Ralph Breaks the Internet
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All Critics (12)
| Fresh (10)
| Rotten (2)
Moves with dreamlike confidence through a culvert of hard realities that are unflinching and insufferable, sometimes to the point of personal discomfort.
The director shows off his technical skills and a sick humor.
Philip Ridley's acclaimed tale of childhood, vampires and the prairie is as beautiful and menacing as ever.
The Reflecting Skin is a strange, at times wonderful film, one that leaves more questions open than answers. Its palate and performances collide in ways that seem unique decades on.
When you name a character Dolphin Blue, saddle her with a dead husband she didn't know, which causes her to lose her mind, and suggest that she might be a 200 year-old vampire, you should probably suggest that she's more of a representational figure.
Too odd for its own good; too disturbing to dismiss.
An intresting film about the "nightmare of childhood." I could see a lot of people complaining about the seemingly random and creepy events of the film, but I think they are missing the point. The movie is shown through the eyes of a 9 year old boy who is going through several traumatizing expierences and nobody who he looks up to is able to explain what is going on in his life, so he is forced to create his own answers for why these things are happening to him. The film will leave you as confused as the boy is, but that is the point. Either way an excellent directorial debut from British playwright Phillip Ridley and several good performances from the actors (most notably a young Viggo Mortenson.) Recommended for fans of the bizarre,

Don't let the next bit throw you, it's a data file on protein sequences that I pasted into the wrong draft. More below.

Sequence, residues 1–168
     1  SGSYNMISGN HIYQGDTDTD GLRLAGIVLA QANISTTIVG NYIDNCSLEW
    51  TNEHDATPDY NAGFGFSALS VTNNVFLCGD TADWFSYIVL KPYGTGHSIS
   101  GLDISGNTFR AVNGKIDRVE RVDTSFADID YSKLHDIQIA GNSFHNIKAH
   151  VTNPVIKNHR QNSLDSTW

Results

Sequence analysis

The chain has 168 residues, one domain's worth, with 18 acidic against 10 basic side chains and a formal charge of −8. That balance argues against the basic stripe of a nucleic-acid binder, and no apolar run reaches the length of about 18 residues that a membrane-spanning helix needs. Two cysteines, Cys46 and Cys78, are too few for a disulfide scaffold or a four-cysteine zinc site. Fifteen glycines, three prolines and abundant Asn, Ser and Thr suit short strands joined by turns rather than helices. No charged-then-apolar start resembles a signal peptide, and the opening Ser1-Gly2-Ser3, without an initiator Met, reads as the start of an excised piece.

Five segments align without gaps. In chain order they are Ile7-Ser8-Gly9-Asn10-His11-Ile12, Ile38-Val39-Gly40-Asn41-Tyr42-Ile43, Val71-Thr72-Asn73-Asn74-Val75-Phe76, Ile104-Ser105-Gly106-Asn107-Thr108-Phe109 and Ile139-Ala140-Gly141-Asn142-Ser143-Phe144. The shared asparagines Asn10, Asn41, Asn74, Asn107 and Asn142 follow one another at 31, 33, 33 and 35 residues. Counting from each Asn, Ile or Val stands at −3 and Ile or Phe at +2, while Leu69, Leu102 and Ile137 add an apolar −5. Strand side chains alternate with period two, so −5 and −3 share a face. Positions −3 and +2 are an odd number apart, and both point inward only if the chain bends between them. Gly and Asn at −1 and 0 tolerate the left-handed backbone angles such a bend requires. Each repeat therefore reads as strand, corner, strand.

A little boy in rural post-WWII America believes that his lonely widow neighbor is a vampire who is killing his friends and wants to kill his beloved older brother. A literary and ambiguous slice of Midwestern Gothic that teems with unresolved metaphors.
Goes with Powder and Static. Australian, offbeat, creepy.
For fans of the truly strange.
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